Review: Closer, Donmar Warehouse ★★★★★
It may not be as shocking or searing as when it premiered in 1999 but this Donmar Warehouse Closer revival still sizzles, says Lucy Brooks
The sometimes violent, sometimes casual use of the C word, may have a stronger stage precedent now, but the way in which Marber creates moments of arresting poetry from such ugly language is still unparalleled in theatre. It reminds instead of the poet Philip Larkin in its devastating dysphemism. Instead of dated, the shows feels nostalgic. After a real meeting is prompted, albeit vicariously, through a virtual encounter, Anna (Nancy Caroll) refers to the vast connections offered by the world wide web. To us now this is facile, but it works to show how quickly interactions have been changed by the internet.
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Aside from the specifics of time and place, the humanity and emotion of the plot is just as resonant. This tale of the most tangled and torrid love affairs imaginable cuts deeper than the standard love triangle -- or in this case, square -- and the situations still spark with humour and stab with sadness. We follow two couples from the first encounter, full of fizz and promise, through to the fraught final meetings. While the vividness of these relationships comes from the base, brutal focus on sex, an over-arching exposure of love and loss and futility is subtly handled. The Donmar Warehouse production is pacy and slickly staged, with abrupt shifts between each couple often leaving the parallel partners on stage, reminding exactly how intwined these four people are.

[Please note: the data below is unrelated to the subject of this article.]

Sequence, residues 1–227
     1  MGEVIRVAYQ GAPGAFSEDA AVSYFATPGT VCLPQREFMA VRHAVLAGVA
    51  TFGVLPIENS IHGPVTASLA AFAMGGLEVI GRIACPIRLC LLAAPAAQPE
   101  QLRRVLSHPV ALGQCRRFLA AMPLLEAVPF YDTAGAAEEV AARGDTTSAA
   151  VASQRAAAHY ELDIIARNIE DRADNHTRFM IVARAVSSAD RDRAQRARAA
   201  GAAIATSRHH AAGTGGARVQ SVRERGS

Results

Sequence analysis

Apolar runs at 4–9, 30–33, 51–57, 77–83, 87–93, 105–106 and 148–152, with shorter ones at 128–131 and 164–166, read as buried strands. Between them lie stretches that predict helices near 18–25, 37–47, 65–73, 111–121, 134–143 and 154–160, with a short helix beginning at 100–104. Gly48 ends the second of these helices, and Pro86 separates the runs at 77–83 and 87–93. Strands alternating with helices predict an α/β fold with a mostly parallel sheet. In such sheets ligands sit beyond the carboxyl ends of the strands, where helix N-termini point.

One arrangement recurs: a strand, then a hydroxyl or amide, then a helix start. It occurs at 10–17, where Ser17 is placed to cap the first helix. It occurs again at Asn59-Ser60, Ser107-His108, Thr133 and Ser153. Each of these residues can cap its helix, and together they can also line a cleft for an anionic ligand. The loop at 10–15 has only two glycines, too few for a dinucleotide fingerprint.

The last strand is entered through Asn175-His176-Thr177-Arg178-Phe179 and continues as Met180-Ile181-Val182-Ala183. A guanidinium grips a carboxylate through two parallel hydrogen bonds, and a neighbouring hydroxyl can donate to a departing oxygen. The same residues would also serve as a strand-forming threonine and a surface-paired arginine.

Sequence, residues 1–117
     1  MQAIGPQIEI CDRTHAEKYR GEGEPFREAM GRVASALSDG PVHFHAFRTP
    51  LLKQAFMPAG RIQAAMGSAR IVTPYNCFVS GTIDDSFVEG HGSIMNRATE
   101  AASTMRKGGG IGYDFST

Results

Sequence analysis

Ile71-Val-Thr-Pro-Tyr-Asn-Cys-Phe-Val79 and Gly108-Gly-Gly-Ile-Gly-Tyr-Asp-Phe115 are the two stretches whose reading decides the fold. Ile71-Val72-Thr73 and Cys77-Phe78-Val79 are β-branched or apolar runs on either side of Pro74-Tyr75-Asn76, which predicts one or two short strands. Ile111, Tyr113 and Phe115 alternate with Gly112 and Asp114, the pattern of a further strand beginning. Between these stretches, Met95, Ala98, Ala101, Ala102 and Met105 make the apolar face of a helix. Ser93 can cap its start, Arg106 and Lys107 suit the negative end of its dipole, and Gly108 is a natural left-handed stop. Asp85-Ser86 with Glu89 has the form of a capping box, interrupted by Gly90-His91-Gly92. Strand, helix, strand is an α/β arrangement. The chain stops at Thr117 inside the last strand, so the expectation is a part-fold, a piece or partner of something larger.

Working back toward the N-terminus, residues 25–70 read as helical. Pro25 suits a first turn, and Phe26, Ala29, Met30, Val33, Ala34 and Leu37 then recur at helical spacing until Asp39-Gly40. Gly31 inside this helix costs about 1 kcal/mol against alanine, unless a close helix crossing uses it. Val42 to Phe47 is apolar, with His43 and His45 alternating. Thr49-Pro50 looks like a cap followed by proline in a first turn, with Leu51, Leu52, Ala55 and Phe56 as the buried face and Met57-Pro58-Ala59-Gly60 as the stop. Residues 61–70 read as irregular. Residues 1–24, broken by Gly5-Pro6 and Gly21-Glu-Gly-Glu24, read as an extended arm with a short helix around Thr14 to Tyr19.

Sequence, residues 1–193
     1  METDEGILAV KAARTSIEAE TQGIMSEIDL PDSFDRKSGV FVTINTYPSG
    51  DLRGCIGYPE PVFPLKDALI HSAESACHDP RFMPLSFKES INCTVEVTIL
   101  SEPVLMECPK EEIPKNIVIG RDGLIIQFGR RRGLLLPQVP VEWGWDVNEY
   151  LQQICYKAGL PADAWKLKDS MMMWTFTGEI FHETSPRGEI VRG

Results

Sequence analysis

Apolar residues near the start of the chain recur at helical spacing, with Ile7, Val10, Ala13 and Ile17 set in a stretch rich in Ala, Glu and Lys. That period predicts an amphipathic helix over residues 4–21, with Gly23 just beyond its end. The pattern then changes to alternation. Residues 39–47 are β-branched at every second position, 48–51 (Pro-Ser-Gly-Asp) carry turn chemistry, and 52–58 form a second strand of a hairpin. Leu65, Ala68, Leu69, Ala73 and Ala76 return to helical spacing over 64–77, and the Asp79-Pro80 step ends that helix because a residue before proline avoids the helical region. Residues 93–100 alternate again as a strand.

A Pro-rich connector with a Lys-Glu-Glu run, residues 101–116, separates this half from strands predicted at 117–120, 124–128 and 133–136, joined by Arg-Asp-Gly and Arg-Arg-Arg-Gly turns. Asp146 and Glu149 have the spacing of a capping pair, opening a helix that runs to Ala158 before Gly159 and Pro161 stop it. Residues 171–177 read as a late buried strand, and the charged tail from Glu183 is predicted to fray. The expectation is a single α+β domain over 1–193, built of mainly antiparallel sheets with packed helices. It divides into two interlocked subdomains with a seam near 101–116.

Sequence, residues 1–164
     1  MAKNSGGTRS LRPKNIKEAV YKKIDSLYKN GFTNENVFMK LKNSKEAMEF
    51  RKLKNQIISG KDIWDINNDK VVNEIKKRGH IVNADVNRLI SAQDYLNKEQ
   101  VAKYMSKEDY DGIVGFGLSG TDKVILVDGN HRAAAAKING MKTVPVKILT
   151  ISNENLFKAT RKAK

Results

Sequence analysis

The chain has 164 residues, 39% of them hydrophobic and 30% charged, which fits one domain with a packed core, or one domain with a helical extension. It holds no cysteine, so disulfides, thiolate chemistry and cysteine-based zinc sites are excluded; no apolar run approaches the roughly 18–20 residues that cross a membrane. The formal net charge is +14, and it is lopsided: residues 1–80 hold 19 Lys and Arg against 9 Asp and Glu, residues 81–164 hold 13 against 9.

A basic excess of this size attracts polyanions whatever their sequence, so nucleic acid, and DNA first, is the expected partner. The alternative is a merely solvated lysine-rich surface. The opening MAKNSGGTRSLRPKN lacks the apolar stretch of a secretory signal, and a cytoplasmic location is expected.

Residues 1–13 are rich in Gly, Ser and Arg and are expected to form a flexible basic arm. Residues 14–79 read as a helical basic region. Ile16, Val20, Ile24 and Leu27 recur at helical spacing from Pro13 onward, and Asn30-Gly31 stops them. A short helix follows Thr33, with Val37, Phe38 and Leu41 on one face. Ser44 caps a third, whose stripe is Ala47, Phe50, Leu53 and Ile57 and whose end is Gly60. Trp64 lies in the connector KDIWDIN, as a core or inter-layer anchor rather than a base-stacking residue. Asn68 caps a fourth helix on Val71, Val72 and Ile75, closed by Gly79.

Closer is always going to make for gripping viewing, and the kind of drama that the theatre is made for. The film adaptation haunts the stage show -- there's an obvious resemblance between this revival cast and their Hollywood predecessors -- but there's also an intensity and blackness that's borne of the immediacy of live performance, and the quality of the performers.
Rufus Sewell deftly maintains a well-deserved heartthrob status. But with within the charm he also exposes Larry the Dermotolagist as a brute, negotiating the line between machismo and vulnerability seamlessly. Wry and softly-spoken, Sewell has the audience hanging off every word. So, when he lets rip, whether it's bitter insults or heart-wrenching sobs, the effect is spine-tingling. Oliver Chris as intense writer Daniel delivers quips with sarcasm and warmth and strikes a sizzling chemistry with Nancy Carroll as an elegant Anna. They make the instant and obsessive romance not just convincing, but also compelling. For a fresh drama school graduate, starring alongside such experienced and accomplished stage actors is daunting, plus the role of Alice was so exquisitely immortalised on film by Natalie Portman. The nerves did show in Rachel Redford's performance. While her fresh-faced youth is spot on, it took her a while to warm up to the charisma that defines the character. We saw Closer on its opening night, so we look forward to seeing how this promising young actress thaws and relaxes into the role.